Musically, meanwhile, the album’s wares are muscular and tight, in turns riffy and menacing, then full of big cathartic melodies. In short, ‘Alpha Games’ sounds more like OG Bloc Party than Bloc Party have done in years. “It’s funny looking back at the records we’ve made and seeing how, from ‘Silent Alarm’ through to ‘Alpha Games’, each album was an attempt to move further away from the record that preceded it,” Kele muses. “Over the years I think we wanted to get away from doing things that were the most natural for us, but with Louise being brought into the band with her youth and her openness and ability, it gave us licence to go back there and play with that abandon that we haven’t really played with for a while.”
Crucial to the change too was the band’s decision to acquiesce to some rare nostalgia in the form of 2018’s ‘Silent Alarm’ tour. Setting up a practice room at each venue (“It’s good to know that I can still feel creative, that I’m not just a jukebox…”), the quartet began writing ‘Alpha Games’ from a place that was literally wrapped up in the physicality and spirit of Bloc Party’s celebrated debut. For a band so intent on forward motion, what made them want to indulge in a second outing of their past? “I remember saying [previously] that I’d never want to do anything like that, so then the fact that I’d said it and it existed in cyberspace made me think that well, rules are meant to be broken,” Kele chuckles. “I thought there was something quite perverse about agreeing to do it, and that felt quite enjoyable. I’m a massive troll, but that’s how I roll. That’s how I troll…”
“That’s the core of the record: what happens when we stop treating each other with respect and think only about ourselves?”
— Kele Okereke
If a greedily-received anniversary tour is his idea of pranking the internet, then Kele Okereke is probably the most generous troll that a fan could ask for. But more than that, the singer - and Bloc Party’s - moves over the last few years suggest that maybe there’s a side to them that we’ve had wrong all along.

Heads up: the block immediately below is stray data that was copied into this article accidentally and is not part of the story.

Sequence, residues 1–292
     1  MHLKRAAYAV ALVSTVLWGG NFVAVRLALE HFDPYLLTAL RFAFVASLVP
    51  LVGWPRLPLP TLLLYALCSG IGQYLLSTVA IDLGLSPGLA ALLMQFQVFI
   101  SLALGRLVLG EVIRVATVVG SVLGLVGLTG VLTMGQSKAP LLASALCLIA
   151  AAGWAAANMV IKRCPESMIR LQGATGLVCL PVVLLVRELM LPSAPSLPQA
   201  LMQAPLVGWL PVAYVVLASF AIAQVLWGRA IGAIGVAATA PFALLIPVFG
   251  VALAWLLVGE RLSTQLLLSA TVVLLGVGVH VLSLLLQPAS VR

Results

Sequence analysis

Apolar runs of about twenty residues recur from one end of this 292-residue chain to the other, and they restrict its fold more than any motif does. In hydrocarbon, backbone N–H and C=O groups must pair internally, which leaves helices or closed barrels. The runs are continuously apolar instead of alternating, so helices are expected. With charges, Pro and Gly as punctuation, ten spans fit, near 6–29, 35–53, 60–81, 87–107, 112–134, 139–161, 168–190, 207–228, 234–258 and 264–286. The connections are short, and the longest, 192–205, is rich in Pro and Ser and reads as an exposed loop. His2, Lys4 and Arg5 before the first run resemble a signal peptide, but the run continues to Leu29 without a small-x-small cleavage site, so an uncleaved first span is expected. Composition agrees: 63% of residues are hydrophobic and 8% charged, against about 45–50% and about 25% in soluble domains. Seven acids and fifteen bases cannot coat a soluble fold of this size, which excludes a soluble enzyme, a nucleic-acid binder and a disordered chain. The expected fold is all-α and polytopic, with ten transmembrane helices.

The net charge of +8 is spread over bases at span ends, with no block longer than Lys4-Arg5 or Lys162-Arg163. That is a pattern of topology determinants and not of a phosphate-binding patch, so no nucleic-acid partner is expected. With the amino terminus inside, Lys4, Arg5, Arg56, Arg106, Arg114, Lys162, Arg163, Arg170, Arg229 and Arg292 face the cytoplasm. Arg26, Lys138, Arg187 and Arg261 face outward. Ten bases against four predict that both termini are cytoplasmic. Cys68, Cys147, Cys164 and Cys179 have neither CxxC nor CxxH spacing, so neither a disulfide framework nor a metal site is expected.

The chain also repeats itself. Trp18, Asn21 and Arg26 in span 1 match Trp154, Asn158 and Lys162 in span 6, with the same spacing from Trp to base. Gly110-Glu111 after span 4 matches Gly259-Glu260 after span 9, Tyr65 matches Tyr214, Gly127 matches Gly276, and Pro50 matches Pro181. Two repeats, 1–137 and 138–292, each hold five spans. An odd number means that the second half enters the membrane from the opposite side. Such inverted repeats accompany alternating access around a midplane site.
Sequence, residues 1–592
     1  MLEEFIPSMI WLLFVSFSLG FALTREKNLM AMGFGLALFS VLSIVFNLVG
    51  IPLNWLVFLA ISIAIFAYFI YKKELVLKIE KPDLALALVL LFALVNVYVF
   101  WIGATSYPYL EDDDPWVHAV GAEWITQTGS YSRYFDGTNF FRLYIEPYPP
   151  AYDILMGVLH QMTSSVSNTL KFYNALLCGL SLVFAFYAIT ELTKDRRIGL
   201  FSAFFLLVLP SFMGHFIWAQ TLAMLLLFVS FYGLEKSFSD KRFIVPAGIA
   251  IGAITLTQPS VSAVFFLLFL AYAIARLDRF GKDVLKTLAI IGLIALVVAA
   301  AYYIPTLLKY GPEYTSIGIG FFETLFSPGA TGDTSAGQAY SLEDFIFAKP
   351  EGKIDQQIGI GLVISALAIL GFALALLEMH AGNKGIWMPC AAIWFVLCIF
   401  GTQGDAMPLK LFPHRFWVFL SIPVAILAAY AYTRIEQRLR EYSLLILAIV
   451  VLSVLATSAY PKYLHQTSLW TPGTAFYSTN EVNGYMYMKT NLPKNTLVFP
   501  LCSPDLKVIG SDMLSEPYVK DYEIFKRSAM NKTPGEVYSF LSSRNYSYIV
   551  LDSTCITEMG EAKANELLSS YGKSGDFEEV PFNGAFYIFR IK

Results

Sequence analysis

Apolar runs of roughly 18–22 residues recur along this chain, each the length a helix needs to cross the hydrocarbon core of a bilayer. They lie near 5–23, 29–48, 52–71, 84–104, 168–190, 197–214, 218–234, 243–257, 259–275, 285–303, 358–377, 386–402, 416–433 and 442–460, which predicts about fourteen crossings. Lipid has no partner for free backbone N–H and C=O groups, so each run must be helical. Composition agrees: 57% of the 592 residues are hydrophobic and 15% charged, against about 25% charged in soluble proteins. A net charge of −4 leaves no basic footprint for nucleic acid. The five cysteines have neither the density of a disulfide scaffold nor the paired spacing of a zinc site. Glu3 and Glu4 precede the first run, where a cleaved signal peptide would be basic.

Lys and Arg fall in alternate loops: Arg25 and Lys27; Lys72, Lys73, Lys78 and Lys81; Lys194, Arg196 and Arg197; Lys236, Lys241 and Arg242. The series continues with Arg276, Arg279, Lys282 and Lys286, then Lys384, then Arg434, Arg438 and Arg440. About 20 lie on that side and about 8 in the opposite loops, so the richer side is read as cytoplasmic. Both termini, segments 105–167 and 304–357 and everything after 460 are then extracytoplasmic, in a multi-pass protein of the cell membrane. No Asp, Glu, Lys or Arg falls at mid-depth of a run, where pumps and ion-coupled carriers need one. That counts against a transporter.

“I feel like, at the start of our career, we kind of got this rep as being bookish or heavy, and then that became [our thing]. I used to have to answer questions about being shy and then before you know it, it becomes folklore even if it’s not really true,” he recalls. Instead, the Bloc Party of today seem revitalised and less bothered about adhering to any old fashioned notions of indie purity. If they want to go back and play the hits, they will; if Kele, having just turned 40, wants to make the most gnarly album he’s made in nearly two decades, then he’ll do that too. “I don’t spend that much time slumming it with international socialite terrorists. Not since the kids arrived,” he jokes of his first-hand experiences with the subjects that populate ‘Alpha Games’, but there’s also the caveat given that he’s “lived a life”, one that hasn’t just been spent with his nose in a book.
Enthusing about his love of the wordplay found in rap and grime (“It’s really funny, lyrical music that maybe people don’t see because it’s Black musicians doing their thing”), before waxing lyrical on his need to always be fulfilling different ends of his musical spectrum (“I need to experience opposite ends of things at the same time to feel that I’m balanced. I think it’s because I’m a Libra”), Kele seems content revelling in all sides of his creative self. And on ‘Alpha Games’ the result is a thrilling, visceral testament to letting go and following your gut.
“I remember [on the ‘Silent Alarm’ shows] thinking, ‘I don’t know if we’re gonna be able to do this night after night’,” he recalls of the physically-demanding setlist. “But we were able to do it. And I was kind of surprised but also I wasn’t, because over the years I’ve realised that you can do anything you want if you really want to do it.” We’ll call that game, set and match.
‘Alpha Games’ is out now via Infectious / BMG.
More like this
Hayley Williams revealed the inspiration in the latest episode of BBC Sounds’ Everything Is Emo.
Their despair at the state of the world is tangible.
It’s the latest preview of sixth album ‘Alpha Games’, out next month.
It’s our weekly round-up of the biggest and best new songs this week.
Records & Merch